VIDEO: Washburn & Washburn Tech. host Family Day

Students at work WIT students Dan Trimble, Jordan Busey and Joe Blaske construct a cabinet as part of their Cabinet/Millwork Tech class.

Bradley Hernandez / Washburn Review

Washburn Institute of Technology held its Family, Food and Fun Open House Saturday, Oct. 15, from 11 a.m. until 2 p.m.

Washburn Tech is a two-year institution where students can obtain relevant technical skills, taught by highly skill, knowledgeable instructors, that can prepare them for the job market.

Not only did it open its doors so the public could see the facilities and meet the instructors, it also had activities set up around their campus, and a cookout for families to enjoy after checking out the facilities.

“We wanted to open up our facilities to the public,” said Jonathan Wimer, coordinator of continuing education and marketing. “We have these [open houses] once or twice a year … we wanted to open the entire institution to the whole community, and just have people come out to see what we have to offer [because] we aren’t as well known in the area as other programs [in the area].”

To start off, each person was given a “passport,” which was designed by Pam Manning, the graphic and photo instructor at WIT. The passport was designed for each visitor to get stamped at every program they visited. After visiting five or more instructors, the passport could then be entered into a drawing to win gift cards for local businesses.

Youths and adults were invited to operate a track hoe and a mini-excavator at the “Heavy Equipment Rodeo.” The challenge was using the equipment to pick up objects, such as using the track hoe to pick a basketball up off of a traffic cone, rotate it around to place it in a 55-gallon barrel. The mini-excavator had a teaspoon attached to it and the challenge was picking up a golf ball and rotating it around to place the golf ball into a small bowl.

In addition to being able to meet the instructors and check out the facilities, Washburn Tech, a member of the National Auto Body Council, was also participating in the Recycled Rides program and visitors were encouraged to stop by and observe students at work. Washburn Tech is the first educational institution in the nation to be a training facility for Recycled Rides, a community awareness project, whereby members of the NABC repair and donate recycled vehicles to families in need. The vehicle, a 2006 Hyundai Sonata, will be donated November 22 of this year.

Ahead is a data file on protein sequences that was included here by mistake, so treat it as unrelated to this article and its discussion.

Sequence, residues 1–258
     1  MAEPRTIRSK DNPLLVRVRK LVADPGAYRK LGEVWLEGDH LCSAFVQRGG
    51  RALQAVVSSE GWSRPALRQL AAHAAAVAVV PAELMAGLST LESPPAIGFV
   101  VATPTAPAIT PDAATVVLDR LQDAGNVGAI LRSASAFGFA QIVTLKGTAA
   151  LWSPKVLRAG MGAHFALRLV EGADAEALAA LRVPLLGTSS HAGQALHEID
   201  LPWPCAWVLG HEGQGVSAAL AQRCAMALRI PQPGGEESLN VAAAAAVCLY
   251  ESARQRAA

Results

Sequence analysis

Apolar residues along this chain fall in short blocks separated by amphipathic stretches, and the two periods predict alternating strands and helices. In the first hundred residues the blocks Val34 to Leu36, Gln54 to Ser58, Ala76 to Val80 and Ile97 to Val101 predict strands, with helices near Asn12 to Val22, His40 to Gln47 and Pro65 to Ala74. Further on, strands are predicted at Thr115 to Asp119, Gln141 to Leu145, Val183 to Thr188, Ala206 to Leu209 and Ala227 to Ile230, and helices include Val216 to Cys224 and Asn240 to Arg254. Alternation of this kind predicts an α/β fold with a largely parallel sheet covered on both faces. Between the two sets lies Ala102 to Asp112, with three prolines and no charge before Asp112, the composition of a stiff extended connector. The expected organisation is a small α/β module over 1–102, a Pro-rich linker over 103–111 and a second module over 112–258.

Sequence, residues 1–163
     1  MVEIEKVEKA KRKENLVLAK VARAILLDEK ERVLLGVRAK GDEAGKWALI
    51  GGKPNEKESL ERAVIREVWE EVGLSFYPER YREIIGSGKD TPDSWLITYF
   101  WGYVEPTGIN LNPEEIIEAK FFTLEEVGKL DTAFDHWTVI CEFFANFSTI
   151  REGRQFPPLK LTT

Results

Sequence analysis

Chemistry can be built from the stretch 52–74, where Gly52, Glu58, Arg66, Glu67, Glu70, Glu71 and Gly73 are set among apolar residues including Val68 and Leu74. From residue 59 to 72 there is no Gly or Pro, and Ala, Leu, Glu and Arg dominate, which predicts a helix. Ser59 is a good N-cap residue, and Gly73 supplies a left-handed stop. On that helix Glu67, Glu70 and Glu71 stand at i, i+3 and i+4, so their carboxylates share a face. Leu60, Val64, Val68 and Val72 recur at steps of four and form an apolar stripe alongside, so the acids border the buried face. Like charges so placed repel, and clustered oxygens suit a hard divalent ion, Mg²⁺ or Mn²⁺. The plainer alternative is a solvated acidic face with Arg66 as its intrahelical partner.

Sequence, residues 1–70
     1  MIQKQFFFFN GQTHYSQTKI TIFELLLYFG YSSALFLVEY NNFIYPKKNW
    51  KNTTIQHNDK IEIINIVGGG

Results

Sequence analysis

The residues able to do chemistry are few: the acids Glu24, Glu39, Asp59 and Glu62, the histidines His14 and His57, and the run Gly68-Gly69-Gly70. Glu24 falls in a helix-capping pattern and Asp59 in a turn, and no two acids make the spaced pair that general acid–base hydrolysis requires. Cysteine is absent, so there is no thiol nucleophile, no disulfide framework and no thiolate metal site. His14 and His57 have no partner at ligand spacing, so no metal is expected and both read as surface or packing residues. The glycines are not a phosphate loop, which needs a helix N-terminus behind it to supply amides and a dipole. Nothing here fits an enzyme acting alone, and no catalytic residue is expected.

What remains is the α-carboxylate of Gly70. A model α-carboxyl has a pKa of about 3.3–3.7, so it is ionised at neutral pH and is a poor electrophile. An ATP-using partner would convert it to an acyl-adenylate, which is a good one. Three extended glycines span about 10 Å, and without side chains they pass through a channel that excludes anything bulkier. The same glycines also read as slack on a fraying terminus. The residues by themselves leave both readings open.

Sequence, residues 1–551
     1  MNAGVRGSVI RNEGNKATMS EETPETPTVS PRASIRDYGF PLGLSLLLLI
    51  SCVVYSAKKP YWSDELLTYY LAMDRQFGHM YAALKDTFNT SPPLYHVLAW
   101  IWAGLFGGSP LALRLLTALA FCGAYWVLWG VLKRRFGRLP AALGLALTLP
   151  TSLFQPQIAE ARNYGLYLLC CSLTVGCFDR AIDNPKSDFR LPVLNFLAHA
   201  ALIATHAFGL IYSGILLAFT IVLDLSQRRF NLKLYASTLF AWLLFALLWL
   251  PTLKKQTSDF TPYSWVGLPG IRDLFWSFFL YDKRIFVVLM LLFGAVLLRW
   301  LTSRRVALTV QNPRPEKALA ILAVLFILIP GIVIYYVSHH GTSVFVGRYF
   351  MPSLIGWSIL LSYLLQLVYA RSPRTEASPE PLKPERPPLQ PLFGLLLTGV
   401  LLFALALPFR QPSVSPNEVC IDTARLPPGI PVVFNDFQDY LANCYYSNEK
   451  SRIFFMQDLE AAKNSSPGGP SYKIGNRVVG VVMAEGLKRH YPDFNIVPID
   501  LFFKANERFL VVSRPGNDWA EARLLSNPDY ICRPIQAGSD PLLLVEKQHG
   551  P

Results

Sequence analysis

“Our goal is to help people in our local community,” said Wimer. “Students from out transportation division will be working with local repair specialists to complete repairs to Recycled Rides training facility. Together we can have a positive effect right her in our community and across the country.”

The marathon weekend started the night before on Friday October 14 at 5 p.m. and continued through until approximately 10 p.m. Saturday Oct. 15. Washburn students, under the supervision of instructors and technicians from area collision repair shops, made repairs to the first vehicle, including sanding, painting, replacing various parts such as windshields and assembling the car.

“Next weekend when we are done with [the car], it will go over to Auto-Tech,” said Eric Showalter, collision repair instructor. “So far it has been going really good, students were here until 11:30 last night and we had students coming back at 6:00 this morning.”

The Washburn Tech Auto Collision program offers a hands-on, 50-credit technical certificate that prepares individuals to apply technical knowledge and skills to repair and refinish all types of vehicles.

“We have had wonderful support from our advisory council, and the industry, as well as students,” said Showalter.

Approximately 90 percent of Washburn Tech graduates either go into jobs related to their training, or go on to further their education. They offer 24 technical programs, most of which are about 48 credits in length, in one of five divisions – construction, health care, transportation, human services and technology.